Remembering Robin Williams: Genie, You are Free


By Justin Jasso (@jjasso007)

Life. It is a word that has been able to spark great debates among the greatest of philosophical minds. Life is a thing in which we all share; it’s something that is both vibrant and miniscule. When we consider that the Earth is around 4.5 billion years old, our lives here are but a barely observable blip on the map. But with life, we have the opportunity to change an entire world. Like a pebble dropped in a lake, a kindness you do for another has the ripple effect to touch so many others. Robin Williams took his gift as an artist and touched us all.

On August 11th, 2014, at 12:02 pm, Academy Award winner Robin Williams was pronounced dead at his home in Marin County, California. Upon the information being released to media outlets, news of his death spread across the world and social media with heartfelt thoughts and memories going out to the departed actor. Though most people never met Robin Williams, never held a conversation with him, never shook his hand or said hello to him, through his work they came to feel as if they knew him. Williams began his career in film and television in 1977 with the film Can I Do it ‘Till I Need Glasses? and will make his final big screen appearance in 2015 with Absolutely Anything. These are just two films over a career of characters he became known for.

Many people received their introduction to Robin Williams in the television hit Mork and Mindy. Williams played an alien who came to Earth from the planet Ork to investigate and report back to his superiors. Williams spent so much time ad-libbing scenes that the scriptwriters started leaving blank areas in the scripts where Williams could go off and improvise. From there, a film career began to take off, most notably in the film Good Morning, Vietnam with his turn as a DJ for an Armed Forces Radio Service. For that role, he was nominated as Best Actor in a Leading Role at the Academy Awards. Over the next four years, he would again be nominated for the same award for his performances in the films Dead Poets Society and The Fisher King. He finally won in 1998 when he was nominated for Best Actor in a Supporting Role for his portrayal of a junior college psychology professor who must work with a young man who exhibits immeasurable intelligence but chooses to live a life filled with petty crimes in the film Good Will Hunting. But an award doesn’t determine one’s greatness as Williams will also always be remembered for so many other roles such as Mrs. Doubtfire, an aged Peter Pan in Hook, the unorthodox doctor Patch Adams, or the Genie in Aladdin.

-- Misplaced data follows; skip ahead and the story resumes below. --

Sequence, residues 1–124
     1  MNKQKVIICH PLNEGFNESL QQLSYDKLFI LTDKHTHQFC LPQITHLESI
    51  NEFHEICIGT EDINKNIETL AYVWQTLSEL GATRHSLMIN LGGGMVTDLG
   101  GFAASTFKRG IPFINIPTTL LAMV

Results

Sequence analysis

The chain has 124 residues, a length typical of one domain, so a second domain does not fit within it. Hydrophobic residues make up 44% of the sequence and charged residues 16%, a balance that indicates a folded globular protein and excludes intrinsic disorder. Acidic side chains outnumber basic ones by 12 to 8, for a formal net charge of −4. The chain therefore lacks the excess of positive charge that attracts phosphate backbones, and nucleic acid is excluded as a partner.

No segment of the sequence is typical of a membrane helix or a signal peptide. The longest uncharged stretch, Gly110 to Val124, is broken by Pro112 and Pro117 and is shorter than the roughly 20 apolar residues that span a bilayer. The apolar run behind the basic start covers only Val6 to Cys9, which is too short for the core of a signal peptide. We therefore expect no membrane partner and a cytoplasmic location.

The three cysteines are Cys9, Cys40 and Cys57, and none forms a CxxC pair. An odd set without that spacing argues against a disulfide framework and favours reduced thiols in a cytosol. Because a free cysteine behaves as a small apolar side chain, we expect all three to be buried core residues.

Though Robin Williams will always be remembered as a comedian, a man who possessed an uncanny ability to imitate voices, and as someone with endless amounts of energy, he’ll also be remembered for his dramatic roles that brought us to question our own lives and how we lived them, often with tears and a heavy heart. It is always difficult when the world loses a person who brought so much joy to it, as people cannot be replaced. It is up to us to take what we were given by them, to be grateful for all of the good times, and to go forward and do our part – as they did – to make the world a better place for everyone to live. Robin Williams once said, “No matter what people tell you, words and ideas can change the world.” His words and his ideas left lasting impressions on our world, so let us all follow his lead and use our words and ideas to continue to change our world for the better. Thank you for the smiles and tears, for the levity and the deep moments of thought, Mr. Williams, and may you always rest in peace knowing you touched so many.

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